Easter weekend rainfall washes out streets, paths around Ottawa-Gatineau
Ferries also affected after nearly 30 mm of rain fell over Easter weekend
Streets and pathways have flooded and ferry operators are scrambling after nearly 30 millimetres of rain fell in Ottawa-Gatineau during the Easter weekend.
The water levels on the Ottawa River were so high Monday that they completely washed out the multi-use pathway behind Parliament Hill.
Path behind Parliament flooded! Nice day Tue. Enjoy☀️& 10°. More ☔️on tap Wed/Thu won't help flooding. <a href="https://twitter.com/hashtag/ottweather?src=hash">#ottweather</a> <a href="https://t.co/LxFStMsOJq">pic.twitter.com/LxFStMsOJq</a>—@BlacksWeather
Steve Colwill, meanwhile, shared this stunning photo on Saturday of flooding in Britannia Park during a rain storm. The pathway near Britannia Beach was also flooded Monday afternoon.
Flooded Britannia Park in the rain this aft. Seagulls love it. <a href="https://twitter.com/hashtag/ottawa?src=hash">#ottawa</a> <a href="https://twitter.com/hashtag/ottcity?src=hash">#ottcity</a> <a href="https://twitter.com/hashtag/ottnews?src=hash">#ottnews</a> <a href="https://t.co/BcKkKjEHhc">pic.twitter.com/BcKkKjEHhc</a>—@stephencolwill
"It's pretty high. Higher than usual in the spring," said Charles Muir, who has lived near Britannia Park near the Ottawa River since 1984.
"I would think it's a couple of feet higher than usual. It's a good thing the city did some extension to the flood protection over here in Britannia Village last year. So it was a timely gesture."
The City of Gatineau said flooding is affecting the following areas:
- St-Louis Street is closed at the intersection of René Street.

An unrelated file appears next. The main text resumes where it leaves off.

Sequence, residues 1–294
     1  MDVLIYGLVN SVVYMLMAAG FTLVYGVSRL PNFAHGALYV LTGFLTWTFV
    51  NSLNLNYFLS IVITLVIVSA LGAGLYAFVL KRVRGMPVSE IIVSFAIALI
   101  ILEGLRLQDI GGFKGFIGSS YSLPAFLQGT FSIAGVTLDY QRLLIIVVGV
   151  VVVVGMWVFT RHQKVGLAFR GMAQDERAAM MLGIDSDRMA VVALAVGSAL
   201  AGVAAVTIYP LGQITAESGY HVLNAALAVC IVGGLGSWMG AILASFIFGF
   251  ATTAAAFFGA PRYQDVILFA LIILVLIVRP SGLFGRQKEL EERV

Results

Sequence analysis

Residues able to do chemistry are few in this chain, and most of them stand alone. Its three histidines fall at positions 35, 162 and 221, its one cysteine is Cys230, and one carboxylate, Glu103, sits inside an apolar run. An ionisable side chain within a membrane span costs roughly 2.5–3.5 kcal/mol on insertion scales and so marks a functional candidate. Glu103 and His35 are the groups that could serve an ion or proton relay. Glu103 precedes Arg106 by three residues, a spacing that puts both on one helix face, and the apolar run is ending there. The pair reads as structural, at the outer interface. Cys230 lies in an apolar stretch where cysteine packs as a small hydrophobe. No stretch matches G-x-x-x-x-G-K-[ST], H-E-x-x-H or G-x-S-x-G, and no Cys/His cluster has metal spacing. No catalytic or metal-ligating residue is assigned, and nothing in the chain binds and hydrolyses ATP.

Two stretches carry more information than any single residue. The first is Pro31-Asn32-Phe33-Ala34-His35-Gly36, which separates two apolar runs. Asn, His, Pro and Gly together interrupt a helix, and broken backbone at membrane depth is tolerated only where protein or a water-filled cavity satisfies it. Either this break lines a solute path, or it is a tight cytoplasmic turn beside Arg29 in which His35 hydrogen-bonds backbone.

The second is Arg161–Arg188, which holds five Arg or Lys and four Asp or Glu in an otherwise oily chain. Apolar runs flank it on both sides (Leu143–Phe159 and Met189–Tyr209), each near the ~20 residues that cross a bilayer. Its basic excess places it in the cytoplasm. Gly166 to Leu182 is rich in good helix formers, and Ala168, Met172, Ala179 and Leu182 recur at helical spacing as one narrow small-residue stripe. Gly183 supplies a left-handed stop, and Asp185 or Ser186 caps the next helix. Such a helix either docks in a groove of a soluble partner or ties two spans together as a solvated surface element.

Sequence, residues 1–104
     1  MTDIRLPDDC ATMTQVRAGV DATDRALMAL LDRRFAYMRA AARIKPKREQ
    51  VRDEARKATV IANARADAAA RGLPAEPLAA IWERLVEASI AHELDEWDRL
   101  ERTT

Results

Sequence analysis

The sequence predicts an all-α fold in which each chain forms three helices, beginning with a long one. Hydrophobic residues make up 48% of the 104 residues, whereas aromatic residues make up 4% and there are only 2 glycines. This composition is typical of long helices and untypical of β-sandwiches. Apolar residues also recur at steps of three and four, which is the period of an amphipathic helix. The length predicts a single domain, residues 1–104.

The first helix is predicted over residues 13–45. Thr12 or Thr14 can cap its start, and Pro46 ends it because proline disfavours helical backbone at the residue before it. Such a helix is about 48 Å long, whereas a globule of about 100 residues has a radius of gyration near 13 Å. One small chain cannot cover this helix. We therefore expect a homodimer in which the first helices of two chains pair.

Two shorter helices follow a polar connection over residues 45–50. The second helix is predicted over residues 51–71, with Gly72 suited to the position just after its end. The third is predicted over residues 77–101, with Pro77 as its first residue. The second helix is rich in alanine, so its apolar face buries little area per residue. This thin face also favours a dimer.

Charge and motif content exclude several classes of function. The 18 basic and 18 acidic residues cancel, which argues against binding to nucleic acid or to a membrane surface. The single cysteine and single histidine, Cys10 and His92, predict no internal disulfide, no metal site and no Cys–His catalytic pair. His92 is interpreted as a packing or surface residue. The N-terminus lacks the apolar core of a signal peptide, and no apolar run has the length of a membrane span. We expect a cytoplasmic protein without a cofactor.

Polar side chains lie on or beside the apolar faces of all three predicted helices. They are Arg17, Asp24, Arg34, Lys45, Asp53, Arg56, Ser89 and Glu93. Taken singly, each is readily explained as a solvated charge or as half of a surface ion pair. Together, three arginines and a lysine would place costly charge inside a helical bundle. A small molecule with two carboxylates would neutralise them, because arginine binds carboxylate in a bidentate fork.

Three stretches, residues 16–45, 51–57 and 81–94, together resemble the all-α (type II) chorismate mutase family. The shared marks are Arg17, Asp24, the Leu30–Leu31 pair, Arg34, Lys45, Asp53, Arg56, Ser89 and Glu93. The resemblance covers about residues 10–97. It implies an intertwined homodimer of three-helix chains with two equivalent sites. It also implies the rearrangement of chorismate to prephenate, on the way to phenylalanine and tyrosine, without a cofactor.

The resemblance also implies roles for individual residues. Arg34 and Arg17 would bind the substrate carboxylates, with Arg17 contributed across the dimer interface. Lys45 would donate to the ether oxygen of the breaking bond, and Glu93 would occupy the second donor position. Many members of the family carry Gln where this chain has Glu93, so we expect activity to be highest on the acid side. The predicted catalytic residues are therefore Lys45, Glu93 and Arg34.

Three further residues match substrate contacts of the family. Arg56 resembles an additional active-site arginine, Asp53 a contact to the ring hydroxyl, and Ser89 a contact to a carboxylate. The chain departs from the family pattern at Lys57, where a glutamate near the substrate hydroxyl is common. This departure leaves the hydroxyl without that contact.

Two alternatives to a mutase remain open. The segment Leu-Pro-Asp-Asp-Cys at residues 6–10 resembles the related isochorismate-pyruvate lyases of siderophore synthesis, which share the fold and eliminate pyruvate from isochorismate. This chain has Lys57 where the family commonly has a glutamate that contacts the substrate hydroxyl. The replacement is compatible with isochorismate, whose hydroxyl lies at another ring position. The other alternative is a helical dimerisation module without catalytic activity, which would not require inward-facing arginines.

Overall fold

- Jacques-Cartier Street is secured in some areas with signage because of water has spilled out onto parts of the roadway and on the bike path.
- The Hull and Aylmer marinas are being monitored closely.
- Hurtubise Boulevard is partially flooded.
- The Lac Leamy parking lot is closed (near Lady Aberdeen bridge) as a precaution.
The city was also offering sandbags Monday to residents dealing with high water levels.
<a href="https://twitter.com/hashtag/Inondation?src=hash">#Inondation</a> Des sacs de sable sont disponibles pour les citoyens à l'édifice Eugène-Beaudoin au 476 Boul. St-René à <a href="https://twitter.com/hashtag/Gatineau?src=hash">#Gatineau</a> <a href="https://t.co/xCkuLTj45h">pic.twitter.com/xCkuLTj45h</a>—@ville_gatineau
Meanwhile, north of Gatineau, flooding has also closed Highway 309 between Notre-Dame-du-Laus, Que., and Val-des-Bois, Que.
'Higher by the hour'
According to Environment Canada, 20 millimetres of rain fell in Ottawa-Gatineau on Saturday, while an additional eight millimetres came down Easter Sunday.
While Tuesday is expected to be sunny, the weather agency is forecasting a 60 per cent chance of rain on Wednesday, rain all day on Thursday, and a chance of showers on Friday.
Along with road and pathway closures, ferries across the Ottawa River are also being affected by the heavier-than-normal precipitation.
"The water level is getting higher by the hour," said Sylvain Lamoureux, assistant director with ferry operator Traversiers Bourbonnais, which runs the ferry from Cumberland to Masson-Angers, Que.
Lamoureux said the ferry — which carries between 1,200 and 1,500 vehicles daily — has never shut down due to water levels on the river, and they're taking precautions to ensure it stays that way.
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Crews were out Monday afternoon building a secondary gravel ramp to the ferry, Lamoureux said, "just in case we need it."
Drivers also had to navigate pooling water to make their way onto the boat.
"There's always people that are frightened just to get on the boat," Lamoureux said. "We just assure [them] that everything is safe."
The rain is also posing problems for people trying to take the ferry from Clarence-Rockland, Ont., to Thurso, Que.
A spokesperson for ferry operator Ecolos told Radio-Canada that only vans were being permitted on board Monday as the road approaching the ferry on the Ontario side is currently underwater.
With files from Amanda Pfeffer and Radio-Canada